Hyllos. Long while, from seed-time unto seed-time round,
They say he served a Lydian lady’s will.

Deian. Could he do that, one might hear anything.

Hyllos. But, so I hear, from this he has escaped.

Deian. Where now, or dead or living, tell they of him?

Hyllos. ’Tis said that he makes war, or plans to make,
On some Eubœan town of Eurytos’.

Deian. And dost thou know, my son, that he has left
With me true oracles of that same land?

Hyllos. What were they, mother? I know nought of them.

Deian. This, or that he shall find the end of life,
Or having this his task accomplished,⁠
Shall, through the coming years of all his life,
Rejoice and prosper. When the scales thus hang,
Wilt thou not go, my child, to give thy help,
*When either we a great deliverance gain,
*Or, if he perish, perish too with him?

Hyllos. Yes, I will go, my mother. Had I known
The utterance of these oracles, long since
I had been there. And, now that I have heard,
I will not fail in aught to learn the truth,⁠
The whole truth, of these matters.Yet the fate
Which waits upon my father gives no cause
For hasty dread and over-anxious care.

Deian. Go then, my son. To hear he prospers well,
Though one hear late, brings balance large of gain.

Exit Hyllos.

Stroph. I.

Chor. Thee, whom the Night, star-spangled, bringeth forth,
⁠Smitten and spoiled by thee,
⁠Whom, in thy strength of fire,
⁠She lulls to calmest couch,
On thee I call, our sun-god, Helios,
⁠Tell this, where now he dwells,
Alcmena's noble son, (Thou ever bright,
⁠In sheen of glory clad;)
⁠Or in the sea's deep glades,
Or taking rest in either continent?
⁠Tell this, Ο Lord, whose eye
⁠Sees with surpassing might.

Antistroph. I.

For, lo! I hear that Deianeira still,
⁠Once wooed in many a strife,
⁠Now like a wailing bird,
⁠With sad and sore-vexed heart,
Can never lull to rest the strong desire
⁠Of eyes undimmed with tears,
But ever nurses unforgetting dread
⁠As to her husband's paths,
And wastes her life in anxious, widowed couch,⁠
⁠Still looking, in her woe,
⁠For doom of coming ill;

Stroph. II.

For as one sees, when North or South wind blows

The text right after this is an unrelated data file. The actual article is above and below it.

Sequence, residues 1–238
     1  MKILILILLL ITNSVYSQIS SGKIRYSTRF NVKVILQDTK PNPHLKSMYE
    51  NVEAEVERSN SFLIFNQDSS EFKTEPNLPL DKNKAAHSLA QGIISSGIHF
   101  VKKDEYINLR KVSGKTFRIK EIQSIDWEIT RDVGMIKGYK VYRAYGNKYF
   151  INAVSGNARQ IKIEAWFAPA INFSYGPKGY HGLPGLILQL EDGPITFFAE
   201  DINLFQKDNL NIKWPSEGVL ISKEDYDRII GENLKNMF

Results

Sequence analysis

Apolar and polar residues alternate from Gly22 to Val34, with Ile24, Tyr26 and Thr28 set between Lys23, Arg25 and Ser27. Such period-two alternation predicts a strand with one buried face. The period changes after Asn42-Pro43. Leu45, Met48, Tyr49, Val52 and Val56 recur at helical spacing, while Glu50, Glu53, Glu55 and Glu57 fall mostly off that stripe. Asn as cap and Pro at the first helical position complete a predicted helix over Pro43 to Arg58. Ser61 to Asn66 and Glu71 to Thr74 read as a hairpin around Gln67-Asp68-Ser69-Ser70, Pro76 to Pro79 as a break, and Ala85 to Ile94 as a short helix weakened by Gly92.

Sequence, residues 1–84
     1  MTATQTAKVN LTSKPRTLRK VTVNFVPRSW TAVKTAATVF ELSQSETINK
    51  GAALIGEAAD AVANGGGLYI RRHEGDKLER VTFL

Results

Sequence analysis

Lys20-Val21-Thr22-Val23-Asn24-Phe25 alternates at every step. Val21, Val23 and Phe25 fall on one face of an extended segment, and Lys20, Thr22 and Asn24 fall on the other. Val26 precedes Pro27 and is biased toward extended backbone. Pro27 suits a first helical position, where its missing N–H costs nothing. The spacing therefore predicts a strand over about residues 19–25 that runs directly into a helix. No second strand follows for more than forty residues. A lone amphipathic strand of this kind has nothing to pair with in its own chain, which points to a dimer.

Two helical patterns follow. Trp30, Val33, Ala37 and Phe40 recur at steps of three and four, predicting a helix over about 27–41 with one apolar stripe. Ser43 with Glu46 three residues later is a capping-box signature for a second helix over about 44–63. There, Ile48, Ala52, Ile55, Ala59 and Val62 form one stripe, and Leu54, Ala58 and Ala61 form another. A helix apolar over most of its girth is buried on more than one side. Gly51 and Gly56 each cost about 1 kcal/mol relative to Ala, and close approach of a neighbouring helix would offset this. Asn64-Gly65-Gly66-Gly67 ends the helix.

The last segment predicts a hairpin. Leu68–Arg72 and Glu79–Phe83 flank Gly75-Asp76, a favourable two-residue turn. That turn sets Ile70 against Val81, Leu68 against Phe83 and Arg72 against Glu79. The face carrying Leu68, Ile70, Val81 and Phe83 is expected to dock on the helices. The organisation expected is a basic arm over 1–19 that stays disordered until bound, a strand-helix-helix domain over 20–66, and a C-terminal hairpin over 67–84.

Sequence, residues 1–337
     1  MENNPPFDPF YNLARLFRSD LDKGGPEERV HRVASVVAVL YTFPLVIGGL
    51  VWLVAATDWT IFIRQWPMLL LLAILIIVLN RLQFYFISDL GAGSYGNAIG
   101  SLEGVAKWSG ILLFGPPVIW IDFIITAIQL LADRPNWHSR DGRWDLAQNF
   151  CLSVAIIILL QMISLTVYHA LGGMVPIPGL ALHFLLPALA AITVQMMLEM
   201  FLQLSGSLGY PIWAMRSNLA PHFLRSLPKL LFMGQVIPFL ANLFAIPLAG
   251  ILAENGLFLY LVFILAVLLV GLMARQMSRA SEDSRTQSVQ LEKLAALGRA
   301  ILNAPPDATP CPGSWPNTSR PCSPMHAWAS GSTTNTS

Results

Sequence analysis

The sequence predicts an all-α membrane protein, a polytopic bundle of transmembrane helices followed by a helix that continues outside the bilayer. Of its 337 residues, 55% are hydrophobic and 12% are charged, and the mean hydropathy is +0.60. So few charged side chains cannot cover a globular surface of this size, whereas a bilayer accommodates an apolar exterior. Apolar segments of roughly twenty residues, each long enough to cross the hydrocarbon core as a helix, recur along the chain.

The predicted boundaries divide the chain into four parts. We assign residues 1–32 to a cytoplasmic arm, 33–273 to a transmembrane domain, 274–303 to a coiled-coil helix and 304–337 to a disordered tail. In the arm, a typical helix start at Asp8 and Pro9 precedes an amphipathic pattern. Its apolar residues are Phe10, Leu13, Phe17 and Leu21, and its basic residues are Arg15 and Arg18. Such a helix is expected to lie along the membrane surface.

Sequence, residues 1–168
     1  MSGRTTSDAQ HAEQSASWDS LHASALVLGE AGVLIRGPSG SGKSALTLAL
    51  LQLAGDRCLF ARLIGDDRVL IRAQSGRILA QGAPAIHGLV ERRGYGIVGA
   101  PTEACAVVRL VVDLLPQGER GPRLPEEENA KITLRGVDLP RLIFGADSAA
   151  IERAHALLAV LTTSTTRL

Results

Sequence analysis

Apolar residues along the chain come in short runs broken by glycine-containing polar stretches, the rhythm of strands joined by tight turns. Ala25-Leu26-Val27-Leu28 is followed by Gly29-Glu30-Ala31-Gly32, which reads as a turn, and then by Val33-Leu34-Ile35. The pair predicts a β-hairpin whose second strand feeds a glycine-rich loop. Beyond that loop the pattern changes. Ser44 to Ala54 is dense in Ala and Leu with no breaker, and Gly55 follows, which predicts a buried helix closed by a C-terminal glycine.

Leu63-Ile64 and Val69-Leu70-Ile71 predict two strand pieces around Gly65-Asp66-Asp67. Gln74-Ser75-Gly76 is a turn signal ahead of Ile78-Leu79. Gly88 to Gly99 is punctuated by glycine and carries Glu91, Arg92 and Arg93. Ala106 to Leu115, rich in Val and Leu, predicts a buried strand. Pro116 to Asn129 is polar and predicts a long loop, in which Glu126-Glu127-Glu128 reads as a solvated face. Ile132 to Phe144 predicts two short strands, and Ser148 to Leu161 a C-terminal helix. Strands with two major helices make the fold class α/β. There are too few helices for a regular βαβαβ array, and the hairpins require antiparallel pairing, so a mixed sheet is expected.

⁠In strength invincible,
Full many a wave upon the ocean wide,
⁠Sweeping and rushing on,
⁠So like a Cretan sea,
⁠The stormy grief of life
Now bringeth low the son of Cadmos old,
⁠Now lifts him up again;
⁠Yet some one of the Gods
Still keeps him from the house of Hades dark,⁠
⁠As one who may not fail.

Antistroph. II.

Wherefore, half blaming thee, I speak my words,
⁠Kindly, yet thwarting thee,
And say thou should'st not fret away good hope;
Not even He, who reigns in glory crowned,
⁠The son of Cronos high,
Hath given to men a painless heritage,
*But still the whirling courses of the Bear
⁠Bring grief and joy in turn.⁠


For neither does the spangled night remain,
Nor the dark Fates, nor wealth, abide with men;
Quickly they leave this man, and pass to that,
⁠Both joy, and loss of joy;
And this, I say that thou, our queen, should'st have
⁠For ever in thy hopes.
For who hath known in Zeus forgetfulness
⁠Of those He children calls?⁠

Deian. Thou comest, one may guess, as having learnt
My many woes: yet may'st thou never know,
(As now thou knowest not,) by suffering taught,
How I consume my soul. The tender plant
Grows in such climes where neither God's hot sun,
Nor storm, nor any blast may trouble it,
But in pure joy it lives its painless life,
Until that hour when maiden gains the name
Of wife, and gains her share of nightly grief,⁠
Or caring for her husband, or her babes.
Then might one see, by that experience taught,
How I am crushed with sorrows. Many a woe
Have I wept bitter tears for. Now of one
I'll tell thee, which I never knew before;
For when our king, our Heracles, went forth
From home for his last journey, then with me
He leaves a tablet, old, and written o'er
With special rules, which never until then
Had he the heart to tell me, though he went
On many a labour, but still started forth,
As one about to prosper, not to die.⁠
But now, like one as good as dead he told